Minister of Health Dr Duane Sands. (File photo)
By RASHAD ROLLE
Tribune Senior Reporter
ABOUT 100 healthcare workers are in self-isolation after they were exposed to a patient with COVID-19 on Princess Margaret Hospital’s surgical ward, prompting Health Minister Dr Duane Sands to say yesterday the country won’t be ready to lift the lockdown and movement restrictions anytime soon.
A surgical ward patient on Sunday became a confirmed COVID-19 case, prompting the closure of PMH’s Medical Surgical Ward II.
At least three patients on that ward have since been confirmed to have the virus.
“This has made a serious dent, a massive blow to the provision of healthcare services,” Dr Sands said before a Cabinet meeting yesterday.
“It speaks to the challenge. We’re not there yet. I know people want to break out of isolation and out of quarantine and come out of lockdown. We are not there yet. We’re not going to be there anytime soon and I need people to understand that as much as you’re tired, as much as you’ve had enough of this, we’re not there yet. These healthcare professionals find themselves on the battlefield and potentially exposed and so now they are out for 14 days.”
Their isolation “has made a serious impact on the delivery of health services,” he said, adding: “This patient was not suspected to have COVID and was there for an entirely different reason. There was, even in retrospect, very little reason to suspect that this patient should have had COVID.”
Dr Sands said the country does not have the luxury of testing every person who attends a hospital, revealing a shortage of swabs will also impact the ability to increase testing in a widespread way.
He said: “If you say every single person who comes to the hospital should be tested, bear in mind we see 50,000 people through Accident and Emergency every year…if you say now that we are going to test all of them, that’s 136 tests per day. (Say a) patient comes in with a gunshot wound, are you going to do a test before you take care of that patient? (That’s) not practical. (Say) somebody comes in with a heart attack, are you going to test before you manage that patient?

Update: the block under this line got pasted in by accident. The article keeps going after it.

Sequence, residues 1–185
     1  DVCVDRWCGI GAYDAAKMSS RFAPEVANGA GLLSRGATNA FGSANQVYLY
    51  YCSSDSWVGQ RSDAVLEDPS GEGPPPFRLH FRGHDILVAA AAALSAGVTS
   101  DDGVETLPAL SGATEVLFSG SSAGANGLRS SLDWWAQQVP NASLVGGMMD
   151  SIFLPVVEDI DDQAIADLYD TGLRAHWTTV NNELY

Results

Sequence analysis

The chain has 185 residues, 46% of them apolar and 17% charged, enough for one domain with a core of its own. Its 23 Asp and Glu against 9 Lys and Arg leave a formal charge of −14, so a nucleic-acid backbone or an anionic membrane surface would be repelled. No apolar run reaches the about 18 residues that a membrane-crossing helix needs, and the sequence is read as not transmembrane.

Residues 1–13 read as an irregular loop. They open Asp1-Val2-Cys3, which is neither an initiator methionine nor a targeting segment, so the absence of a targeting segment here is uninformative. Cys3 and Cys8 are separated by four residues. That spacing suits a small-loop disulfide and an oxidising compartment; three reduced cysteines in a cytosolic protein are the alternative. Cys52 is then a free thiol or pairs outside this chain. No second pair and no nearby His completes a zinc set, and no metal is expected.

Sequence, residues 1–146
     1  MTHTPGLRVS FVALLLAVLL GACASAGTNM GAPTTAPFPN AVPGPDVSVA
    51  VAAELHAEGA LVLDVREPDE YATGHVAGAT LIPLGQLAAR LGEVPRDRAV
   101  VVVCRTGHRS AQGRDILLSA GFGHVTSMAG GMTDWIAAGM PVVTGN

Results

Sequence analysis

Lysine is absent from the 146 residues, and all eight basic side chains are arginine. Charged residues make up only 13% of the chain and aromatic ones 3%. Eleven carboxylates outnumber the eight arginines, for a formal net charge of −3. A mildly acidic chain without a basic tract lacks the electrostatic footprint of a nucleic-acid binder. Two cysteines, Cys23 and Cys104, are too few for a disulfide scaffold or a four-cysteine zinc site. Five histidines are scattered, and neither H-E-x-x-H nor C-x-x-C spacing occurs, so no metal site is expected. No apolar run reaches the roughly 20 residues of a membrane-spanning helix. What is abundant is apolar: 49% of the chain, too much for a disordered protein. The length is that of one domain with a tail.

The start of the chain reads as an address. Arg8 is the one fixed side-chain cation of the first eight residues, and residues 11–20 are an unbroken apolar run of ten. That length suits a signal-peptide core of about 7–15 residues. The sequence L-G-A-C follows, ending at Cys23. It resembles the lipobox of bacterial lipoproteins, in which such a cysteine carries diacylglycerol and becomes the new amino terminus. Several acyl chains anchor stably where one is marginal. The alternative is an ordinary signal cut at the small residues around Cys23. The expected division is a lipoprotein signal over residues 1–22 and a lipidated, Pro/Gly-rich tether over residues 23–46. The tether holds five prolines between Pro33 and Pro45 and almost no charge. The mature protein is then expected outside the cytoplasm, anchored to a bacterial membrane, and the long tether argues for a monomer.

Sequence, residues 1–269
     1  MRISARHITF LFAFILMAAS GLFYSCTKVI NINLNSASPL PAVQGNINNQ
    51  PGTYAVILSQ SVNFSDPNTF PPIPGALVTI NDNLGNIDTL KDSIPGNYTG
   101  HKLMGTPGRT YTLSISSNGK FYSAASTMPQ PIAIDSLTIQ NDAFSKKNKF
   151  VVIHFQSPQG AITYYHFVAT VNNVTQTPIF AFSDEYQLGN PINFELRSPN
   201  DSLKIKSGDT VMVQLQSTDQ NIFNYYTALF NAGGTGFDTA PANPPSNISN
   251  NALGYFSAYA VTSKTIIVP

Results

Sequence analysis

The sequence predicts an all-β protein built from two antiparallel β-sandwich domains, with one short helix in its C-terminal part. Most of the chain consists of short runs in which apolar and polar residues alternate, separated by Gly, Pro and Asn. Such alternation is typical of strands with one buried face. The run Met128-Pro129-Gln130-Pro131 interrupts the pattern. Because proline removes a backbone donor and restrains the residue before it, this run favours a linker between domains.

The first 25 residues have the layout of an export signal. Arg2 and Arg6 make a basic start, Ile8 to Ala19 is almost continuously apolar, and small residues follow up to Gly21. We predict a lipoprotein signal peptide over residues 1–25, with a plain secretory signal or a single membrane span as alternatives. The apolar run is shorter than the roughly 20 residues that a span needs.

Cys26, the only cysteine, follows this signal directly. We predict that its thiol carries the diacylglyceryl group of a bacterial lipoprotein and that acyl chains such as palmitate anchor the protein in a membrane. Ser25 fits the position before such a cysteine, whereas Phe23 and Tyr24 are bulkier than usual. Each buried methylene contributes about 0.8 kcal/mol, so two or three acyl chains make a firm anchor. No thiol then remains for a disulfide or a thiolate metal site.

“What we need to recognise is that there are limitations to testing, even as we ramp up and there are limitations to ramping up because around the world there is a challenge to getting the basic swabs, the supply chain for that simple device cannot be sourced anywhere in the world. It is not a Q-Tip, it is a special type of swab and so we have the kits, we have the reagents, we have the labs, we have the machines, but nobody has the swabs. We have a few hundred right now and we hope to get another 500 today but before we go ramping up to do 200 tests a day we need to look at what’s going to happen down the road, three days from now, four days from now. It is a balancing act and even as we ramp up we have to ramp up deliberately and carefully.”
Dr Sands bemoaned the impact that large gatherings can have on the fight against COVID-19, pointing to the crowd of hotel union members who assembled on Tonique Williams Darling Highway on Monday as an example of what the country cannot afford.
“Events like (what happened on Monday) where we had thousands or hundreds of people congregating in a space, (are) not a good idea and if we are going to do things like that again let’s plan it a bit better, let’s use technology, maybe we can avoid watching the numbers climb.”
Dr Sands was pressed on the wisdom of reopening some businesses even as health officials plead for people to stay home. On Sunday, Prime Minister Dr Hubert Minnis identified several businesses that will be open on specific days.
“One of the things we want to do is make the assumptions that people will be responsible,” Dr Sands said, “that having gone through this now for a month that we are getting it, and the majority of Bahamians have gotten it…that five percent, that seven percent who are in lines will be a challenge.”